What Happens when a California Business Ends up in Family Court?
Owning and operating a business can take up a lot of your time and energy. And in some cases, this can put a major strain on your personal life. Over the years, we have seen numerous high-profile cases of business owners who end up getting divorced. The largest divorce settlement in U.S. history happened recently when Amazon founder Jeff Bezos agreed to give a 4% stake in the company he founded to his wife Mackenzie. Her share was valued (at the time of the divorce) at $35 billion.
Businesses both large and small frequently end up becoming part of a divorce proceeding, and when this happens, things can get complicated, and they can become very contentious. In a lot of cases, only one of the spouses is heavily involved in the business, and many businesses have outside partners as well.
How do you divide marital assets in a fair and equitable manner while preserving the viability of a business and at the same time preserving delicate family relationships? This is a question many divorcing spouses have had to grapple with.
California Divorce Laws
California is a “community property” state. This means that assets and debts that were acquired during the marriage are considered to be equally owned by both spouses. There are a few exceptions to this, such as gifts and inheritances one of the spouses receives, but a business that was started after the couple was married is not one of these exceptions.
Even if just one of the spouses went into business after the marriage and the other spouse never had anything to do with it, the business still belongs equally to both spouses. The same rule would still apply if the business has outside partners. For example, if one spouse owns 25% of the business with three outside partners owning equal shares, in theory, the other spouse would be entitled to own 12.5% of the company as part of the divorce settlement.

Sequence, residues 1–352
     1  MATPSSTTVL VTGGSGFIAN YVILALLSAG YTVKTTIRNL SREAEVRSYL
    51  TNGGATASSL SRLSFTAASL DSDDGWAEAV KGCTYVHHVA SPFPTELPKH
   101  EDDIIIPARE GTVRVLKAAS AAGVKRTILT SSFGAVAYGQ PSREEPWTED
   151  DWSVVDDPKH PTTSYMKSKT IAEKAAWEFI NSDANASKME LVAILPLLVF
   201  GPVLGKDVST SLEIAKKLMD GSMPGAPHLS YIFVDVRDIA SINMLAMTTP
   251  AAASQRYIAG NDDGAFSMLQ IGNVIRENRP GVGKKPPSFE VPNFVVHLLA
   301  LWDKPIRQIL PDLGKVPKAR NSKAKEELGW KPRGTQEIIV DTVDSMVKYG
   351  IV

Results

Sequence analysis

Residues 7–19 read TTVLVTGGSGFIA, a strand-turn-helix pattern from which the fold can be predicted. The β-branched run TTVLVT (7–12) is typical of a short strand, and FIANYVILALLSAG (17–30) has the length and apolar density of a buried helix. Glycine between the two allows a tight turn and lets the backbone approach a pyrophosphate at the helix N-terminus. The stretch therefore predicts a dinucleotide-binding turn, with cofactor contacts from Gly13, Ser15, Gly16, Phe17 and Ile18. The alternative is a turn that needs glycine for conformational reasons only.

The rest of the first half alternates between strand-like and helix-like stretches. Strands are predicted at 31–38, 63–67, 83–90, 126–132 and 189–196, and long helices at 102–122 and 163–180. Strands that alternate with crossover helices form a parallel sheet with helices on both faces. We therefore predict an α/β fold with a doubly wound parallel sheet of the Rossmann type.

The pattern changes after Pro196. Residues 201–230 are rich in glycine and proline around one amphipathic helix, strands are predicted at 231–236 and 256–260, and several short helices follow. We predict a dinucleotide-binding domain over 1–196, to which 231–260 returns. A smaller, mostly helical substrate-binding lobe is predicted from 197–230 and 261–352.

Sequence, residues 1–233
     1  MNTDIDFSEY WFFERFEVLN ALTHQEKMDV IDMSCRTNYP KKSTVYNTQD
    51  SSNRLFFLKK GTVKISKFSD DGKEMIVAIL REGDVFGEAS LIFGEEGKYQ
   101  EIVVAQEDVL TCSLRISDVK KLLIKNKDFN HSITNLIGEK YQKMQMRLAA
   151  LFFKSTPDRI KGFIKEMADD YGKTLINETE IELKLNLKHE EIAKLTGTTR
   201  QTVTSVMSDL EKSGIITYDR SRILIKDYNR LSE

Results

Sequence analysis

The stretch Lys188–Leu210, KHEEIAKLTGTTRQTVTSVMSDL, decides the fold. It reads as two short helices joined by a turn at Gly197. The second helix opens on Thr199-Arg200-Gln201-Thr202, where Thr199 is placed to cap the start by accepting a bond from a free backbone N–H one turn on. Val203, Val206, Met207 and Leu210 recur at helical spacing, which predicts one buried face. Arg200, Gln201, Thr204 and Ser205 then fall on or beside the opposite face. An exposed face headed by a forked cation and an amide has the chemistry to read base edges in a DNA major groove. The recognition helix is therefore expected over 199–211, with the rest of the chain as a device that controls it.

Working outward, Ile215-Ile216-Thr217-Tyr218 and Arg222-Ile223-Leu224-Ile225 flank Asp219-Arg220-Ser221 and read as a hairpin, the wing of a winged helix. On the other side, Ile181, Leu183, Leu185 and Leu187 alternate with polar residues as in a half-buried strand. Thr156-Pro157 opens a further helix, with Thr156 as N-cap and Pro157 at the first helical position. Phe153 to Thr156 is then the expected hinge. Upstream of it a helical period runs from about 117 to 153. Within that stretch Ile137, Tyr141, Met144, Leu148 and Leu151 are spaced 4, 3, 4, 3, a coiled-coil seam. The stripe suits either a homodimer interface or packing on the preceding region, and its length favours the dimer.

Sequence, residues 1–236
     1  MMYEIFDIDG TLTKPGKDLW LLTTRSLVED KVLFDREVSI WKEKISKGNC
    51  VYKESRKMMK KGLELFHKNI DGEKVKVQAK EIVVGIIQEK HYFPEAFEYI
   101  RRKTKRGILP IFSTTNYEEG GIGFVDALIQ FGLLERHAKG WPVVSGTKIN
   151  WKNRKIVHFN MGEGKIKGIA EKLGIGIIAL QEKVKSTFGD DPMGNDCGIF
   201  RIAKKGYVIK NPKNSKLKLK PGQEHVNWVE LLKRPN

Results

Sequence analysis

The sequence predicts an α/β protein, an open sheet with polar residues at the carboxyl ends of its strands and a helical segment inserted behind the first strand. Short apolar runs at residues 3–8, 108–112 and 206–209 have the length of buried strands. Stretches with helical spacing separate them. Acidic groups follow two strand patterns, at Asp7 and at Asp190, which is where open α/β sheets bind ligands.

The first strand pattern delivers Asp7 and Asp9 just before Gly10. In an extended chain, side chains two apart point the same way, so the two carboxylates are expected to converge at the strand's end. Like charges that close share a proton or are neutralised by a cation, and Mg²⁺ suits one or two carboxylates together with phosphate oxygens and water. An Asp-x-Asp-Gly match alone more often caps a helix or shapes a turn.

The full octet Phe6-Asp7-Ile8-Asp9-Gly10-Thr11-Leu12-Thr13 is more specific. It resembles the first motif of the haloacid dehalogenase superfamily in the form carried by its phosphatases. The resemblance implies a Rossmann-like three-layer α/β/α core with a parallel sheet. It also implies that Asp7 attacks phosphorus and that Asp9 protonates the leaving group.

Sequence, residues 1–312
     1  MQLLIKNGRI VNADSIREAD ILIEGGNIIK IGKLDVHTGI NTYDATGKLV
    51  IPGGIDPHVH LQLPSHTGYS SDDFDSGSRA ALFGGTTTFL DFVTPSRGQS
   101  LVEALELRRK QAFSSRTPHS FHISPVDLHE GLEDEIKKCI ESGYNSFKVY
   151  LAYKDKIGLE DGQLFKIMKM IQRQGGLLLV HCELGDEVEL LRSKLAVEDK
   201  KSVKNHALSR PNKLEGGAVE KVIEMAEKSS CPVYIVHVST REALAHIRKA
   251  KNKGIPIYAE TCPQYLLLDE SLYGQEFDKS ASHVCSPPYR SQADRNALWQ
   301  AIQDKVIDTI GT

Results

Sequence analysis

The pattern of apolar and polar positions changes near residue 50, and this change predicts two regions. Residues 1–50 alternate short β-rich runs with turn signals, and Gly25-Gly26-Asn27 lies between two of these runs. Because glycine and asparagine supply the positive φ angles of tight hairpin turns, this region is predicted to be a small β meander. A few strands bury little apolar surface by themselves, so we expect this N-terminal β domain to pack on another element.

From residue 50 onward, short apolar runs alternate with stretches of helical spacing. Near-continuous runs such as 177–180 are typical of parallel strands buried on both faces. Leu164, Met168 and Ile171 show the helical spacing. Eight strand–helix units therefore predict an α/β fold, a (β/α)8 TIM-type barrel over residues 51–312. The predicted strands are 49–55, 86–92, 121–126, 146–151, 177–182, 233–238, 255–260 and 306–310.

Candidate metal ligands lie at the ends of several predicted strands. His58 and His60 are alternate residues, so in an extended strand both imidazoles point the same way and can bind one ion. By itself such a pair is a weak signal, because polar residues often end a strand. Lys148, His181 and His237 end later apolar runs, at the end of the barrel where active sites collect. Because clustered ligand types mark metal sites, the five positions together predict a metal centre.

In practice, things do not usually work out this way. If one of the spouses is not involved in the business, they will most likely want compensation for their interest in it rather than retaining ownership. And this is what often complicates matters.
If a spouse is to be compensated for their interest in a business, it must first be determined what that interest is worth. And since there are multiple ways to value a business, this can become a major point of contention.
For example, the spouse who is involved in the business may want to use “fair market value” – what an outside party would pay for the business based on comparable business sales. However, the other spouse may want to factor in “goodwill”, or the reasonable expectation that the business will grow in value in the future based on its established reputation and position in the marketplace.
Once an agreeable price is finally determined, the spouse that retains the business must figure out a way to compensate the other spouse. If the couple has other valuable assets, such as real estate properties, stock investments, etc., the spouse who is selling their share of the business could be compensated by receiving a larger interest in the other outstanding assets. If there are no such assets available, then another arrangement must be made; such as a lump sum payment or installment payments over time. It may also be necessary to finance this purchase if there is no liquid capital available.